Researchers from King’s College London devised and validated the first end-to-end pipeline for fully automated analysis of huge, unstructured clinical and research database of cardiac magnetic resonance- CMR scan.
Many hospitals have huge CMR databases that, when linked with electronic health records, can provide important insights into treatment efficacy and shape future healthcare research and guidelines.
However, databases are frequently organized differently by different organizations and may contain missing or duplicated files, posing a considerable obstacle for data processing.
Previously, human curation and analysis by healthcare specialists would have needed a major time investment, whereas an AI tool can be taught to efficiently ‘data wrangle’ at scale, quickly assess quality, and translate data into standard forms and structures.
Researchers from the School of Biomedical Engineering & Imaging Sciences trained a generalizable AI algorithm on data from over 7000 CMR scans, with preliminary results demonstrating human-level accuracy for left ventricle and right ventricle segmentations across all major CMR scanner technologies, as well as for a wide range of cardiac diseases.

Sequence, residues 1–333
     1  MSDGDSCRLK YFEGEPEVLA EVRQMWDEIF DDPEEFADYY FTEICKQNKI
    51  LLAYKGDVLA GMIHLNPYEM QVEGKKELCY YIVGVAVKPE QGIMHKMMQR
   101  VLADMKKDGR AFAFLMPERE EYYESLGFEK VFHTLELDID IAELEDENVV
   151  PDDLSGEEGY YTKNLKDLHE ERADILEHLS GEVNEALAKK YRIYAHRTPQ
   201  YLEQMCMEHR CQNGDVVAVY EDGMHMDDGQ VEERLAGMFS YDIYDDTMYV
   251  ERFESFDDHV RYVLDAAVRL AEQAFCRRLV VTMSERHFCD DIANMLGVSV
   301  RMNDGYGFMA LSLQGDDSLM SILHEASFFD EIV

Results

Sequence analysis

“The proposed framework is a fundamental step for the clinical translation of AI algorithms. In addition, it allows for retrospective analysis of large clinical (research) datasets and compared to other works it allows analysis of a much larger set of biomarkers for regional and global systolic and diastolic biventricular function from CMR scans.” – Dr Esther Puyol, Visiting Lecturer, Department of Biomedical Engineering
“This work addresses the under-exploitation of the large clinical CMR imaging databases that many hospitals worldwide maintain. These are incredibly rich resources, containing historical and longitudinal data from many thousands of patients. When combined with data from electronic health records they could provide valuable insight into the effectiveness of treatments to inform future guidelines.” – Dr Andrew King, Reader in Medical Image Analysis, Department of Biomedical Engineering
Future research will aim to extend this paradigm in order to identify biomarkers associated with systolic and diastolic function, as well as their potential links to patient therapies and healthcare outcomes.
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